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Optically speaking, the image that a photographic lens projects is circular,
notwithstanding the fact that cameras are designed to utilize rectangular
or square portions of that pattern. The covering power of a lens is
expressed in terms of the diameter of its image circle. Since lenses are
central to my craft–they do the “drawing” for me–I suppose I could stretch
a point and refer to my travels to photograph in the West as my “image

The circles I have made throughout western North America have taken me
to fine, often dramatically sculptural country and have enabled me to meet
and work with fascinating, hospitable people.–Jay Dusard



Jolean Hoffman, farrier,
Tombstone, Arizona, 2000

This ranch-raised horsewoman, who had just turned 21 a few weeks before this picture was made, shoes our horses. She was a top student and apprentice in her chosen profession, and is now her own boss. The portrait was actually done at our place, J Bar D Quarter Horses, near Douglas, Arizona. Jolean’s partner in this shot is our stallion, Docs Juniper Dust, freshly shod.

© Jay Dusard, Douglas, Ariz

Chuck Stormes, saddlemaker,
Calgary, Alberta, 1988

Saddles made by this Canadian horseman are renowned across this continent and beyond. Unsurpassed in design and craftsmanship, his creations serve working cowpunchers and, in some circumstances, are collected and displayed strictly as fine sculpture. Friend Chuck locked the shop door, setting aside the whole afternoon for the making of a portrait–a rare opportunity for this appreciative photographer. In time, the photograph pretty much designed itself. The required five-second exposure meant that Chuck had to be both locked in and comfortable. Wherebetter than seated at his stamping bench amidst a halo of gorgeous patterns hand drawn on curling, translucent sheets of mylar? A blank section of floor was bothersome, so I tossed down the leather snake–the first item I grabbed from the scrap barrel.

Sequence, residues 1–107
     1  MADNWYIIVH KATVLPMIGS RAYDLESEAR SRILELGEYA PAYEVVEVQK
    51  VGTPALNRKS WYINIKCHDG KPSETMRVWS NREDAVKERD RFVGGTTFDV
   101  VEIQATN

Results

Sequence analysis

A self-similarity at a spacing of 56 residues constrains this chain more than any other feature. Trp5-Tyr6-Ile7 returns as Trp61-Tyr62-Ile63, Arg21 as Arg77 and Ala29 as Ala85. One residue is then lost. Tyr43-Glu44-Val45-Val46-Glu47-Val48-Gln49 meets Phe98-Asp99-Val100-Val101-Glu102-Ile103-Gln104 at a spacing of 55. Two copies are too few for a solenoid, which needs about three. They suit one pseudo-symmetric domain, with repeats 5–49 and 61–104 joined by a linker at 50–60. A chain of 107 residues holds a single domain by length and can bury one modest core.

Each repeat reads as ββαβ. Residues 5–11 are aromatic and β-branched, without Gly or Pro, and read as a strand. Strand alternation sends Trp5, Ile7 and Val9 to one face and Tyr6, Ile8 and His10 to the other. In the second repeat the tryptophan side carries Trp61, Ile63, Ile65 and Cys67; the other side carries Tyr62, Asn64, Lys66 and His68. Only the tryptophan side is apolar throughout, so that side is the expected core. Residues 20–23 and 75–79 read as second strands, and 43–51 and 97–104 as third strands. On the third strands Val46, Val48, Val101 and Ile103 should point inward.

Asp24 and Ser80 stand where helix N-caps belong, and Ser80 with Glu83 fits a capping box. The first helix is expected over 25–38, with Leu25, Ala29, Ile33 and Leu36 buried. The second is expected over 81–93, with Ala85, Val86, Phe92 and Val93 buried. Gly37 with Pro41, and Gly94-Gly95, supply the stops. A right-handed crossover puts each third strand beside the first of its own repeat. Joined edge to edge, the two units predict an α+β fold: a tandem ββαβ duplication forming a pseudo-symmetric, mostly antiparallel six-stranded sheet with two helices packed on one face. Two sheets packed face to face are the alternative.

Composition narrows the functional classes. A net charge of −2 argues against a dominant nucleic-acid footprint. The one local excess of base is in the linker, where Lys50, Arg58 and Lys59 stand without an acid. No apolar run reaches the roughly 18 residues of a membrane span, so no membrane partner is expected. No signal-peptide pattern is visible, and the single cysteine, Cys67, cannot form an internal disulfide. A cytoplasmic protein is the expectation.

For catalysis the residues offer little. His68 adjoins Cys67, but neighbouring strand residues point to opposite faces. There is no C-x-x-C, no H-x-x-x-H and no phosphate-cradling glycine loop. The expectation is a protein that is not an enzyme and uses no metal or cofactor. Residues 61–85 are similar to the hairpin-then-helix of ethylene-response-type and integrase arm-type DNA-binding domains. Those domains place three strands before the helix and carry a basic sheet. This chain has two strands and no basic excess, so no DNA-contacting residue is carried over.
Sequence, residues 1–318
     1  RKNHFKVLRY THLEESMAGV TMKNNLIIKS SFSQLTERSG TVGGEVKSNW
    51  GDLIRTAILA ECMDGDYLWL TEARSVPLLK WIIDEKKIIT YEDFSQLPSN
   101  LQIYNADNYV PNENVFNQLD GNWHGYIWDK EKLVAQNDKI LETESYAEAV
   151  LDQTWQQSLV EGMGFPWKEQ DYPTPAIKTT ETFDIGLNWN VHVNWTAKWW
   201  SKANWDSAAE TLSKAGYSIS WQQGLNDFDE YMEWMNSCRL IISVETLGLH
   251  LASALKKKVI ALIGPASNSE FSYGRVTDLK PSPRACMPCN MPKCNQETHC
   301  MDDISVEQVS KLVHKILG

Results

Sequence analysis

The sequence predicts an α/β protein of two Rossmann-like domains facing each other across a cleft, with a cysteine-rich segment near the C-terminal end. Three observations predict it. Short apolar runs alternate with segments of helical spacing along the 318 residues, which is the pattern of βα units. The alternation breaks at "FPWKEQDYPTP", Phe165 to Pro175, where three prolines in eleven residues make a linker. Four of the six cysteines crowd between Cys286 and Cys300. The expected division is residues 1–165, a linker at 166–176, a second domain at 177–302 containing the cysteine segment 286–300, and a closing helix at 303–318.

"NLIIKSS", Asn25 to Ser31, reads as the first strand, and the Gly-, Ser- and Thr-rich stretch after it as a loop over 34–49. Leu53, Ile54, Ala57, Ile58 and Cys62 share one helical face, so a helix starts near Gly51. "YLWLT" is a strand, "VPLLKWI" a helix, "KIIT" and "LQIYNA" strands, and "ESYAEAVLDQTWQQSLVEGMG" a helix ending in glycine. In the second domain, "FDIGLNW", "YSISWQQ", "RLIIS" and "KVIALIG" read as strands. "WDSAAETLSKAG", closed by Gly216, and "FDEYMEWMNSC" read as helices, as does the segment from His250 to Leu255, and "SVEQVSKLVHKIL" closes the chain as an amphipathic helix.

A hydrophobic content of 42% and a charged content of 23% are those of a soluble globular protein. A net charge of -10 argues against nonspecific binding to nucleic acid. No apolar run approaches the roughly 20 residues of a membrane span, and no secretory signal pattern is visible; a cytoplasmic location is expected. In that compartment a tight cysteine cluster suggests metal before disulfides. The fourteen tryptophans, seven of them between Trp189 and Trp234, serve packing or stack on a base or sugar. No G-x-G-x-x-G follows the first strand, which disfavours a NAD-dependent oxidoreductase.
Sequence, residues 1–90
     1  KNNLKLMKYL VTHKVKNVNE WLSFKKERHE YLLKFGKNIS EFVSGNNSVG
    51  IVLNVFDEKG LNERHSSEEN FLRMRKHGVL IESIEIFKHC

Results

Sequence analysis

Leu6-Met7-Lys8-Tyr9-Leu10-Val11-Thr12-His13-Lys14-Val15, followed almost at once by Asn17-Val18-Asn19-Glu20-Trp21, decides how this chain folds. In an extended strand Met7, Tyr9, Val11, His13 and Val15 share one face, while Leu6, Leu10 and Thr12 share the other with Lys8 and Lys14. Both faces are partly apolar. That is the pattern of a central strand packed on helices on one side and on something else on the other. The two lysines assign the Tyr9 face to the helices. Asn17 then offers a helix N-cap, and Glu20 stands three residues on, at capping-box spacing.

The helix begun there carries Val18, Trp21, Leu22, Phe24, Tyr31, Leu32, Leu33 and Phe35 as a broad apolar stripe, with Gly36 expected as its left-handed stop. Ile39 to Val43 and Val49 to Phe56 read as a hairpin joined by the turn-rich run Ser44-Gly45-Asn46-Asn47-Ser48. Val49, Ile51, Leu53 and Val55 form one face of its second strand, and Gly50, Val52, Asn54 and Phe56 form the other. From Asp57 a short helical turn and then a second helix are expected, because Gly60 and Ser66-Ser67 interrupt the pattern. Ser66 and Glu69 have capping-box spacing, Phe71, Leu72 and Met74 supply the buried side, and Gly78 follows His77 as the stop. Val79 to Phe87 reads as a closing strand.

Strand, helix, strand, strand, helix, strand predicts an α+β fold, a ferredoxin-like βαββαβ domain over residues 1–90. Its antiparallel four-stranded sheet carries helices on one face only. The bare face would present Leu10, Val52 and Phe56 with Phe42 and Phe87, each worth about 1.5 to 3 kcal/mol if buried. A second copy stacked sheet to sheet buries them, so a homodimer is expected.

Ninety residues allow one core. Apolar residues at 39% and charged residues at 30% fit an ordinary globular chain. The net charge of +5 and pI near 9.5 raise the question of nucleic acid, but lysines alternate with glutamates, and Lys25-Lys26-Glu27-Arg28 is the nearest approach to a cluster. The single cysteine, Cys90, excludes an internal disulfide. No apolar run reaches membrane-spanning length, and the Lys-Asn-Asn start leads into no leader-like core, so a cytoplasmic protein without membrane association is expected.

© Jay Dusard, Douglas, Ariz.

© Jay Dusard

.©Jay Dusard

Merle, Clayton, and Sharon Edsall, Apache Springs Ranch, Arizona, 2000

The Edsalls are ranchers and horse trainers from Montana who sometimes winter in Arizona. I met them two years ago at a Joe Wolter cow-working clinic that they hosted at Apache Springs. Since then, my wife Kathie and I have participated in several Edsall family colt-starting and horsemanship clinics. We give these folks the highest marks for the quality and effectiveness of their training methods and teaching. Their elder son, Roy Edsall, is absent from this portrait because he had a cowboying job in Montana.

© Jay Dusard, Douglas, Ariz.


Photographer Jay Dusard of Douglas, Ariz., received a 1981 Guggenheim Fellowship that led to the publication of “The North American Cowboy: A Portrait.” Between travels to photograph and teach workshops, he raises a few quarter horses, punches cows, and plays jazz cornet.

See Jay's web work at <>. He can be e-mailed at: <>. Find out about Jay’s photo workshops at the Rocky Mountain School of Photography <>.

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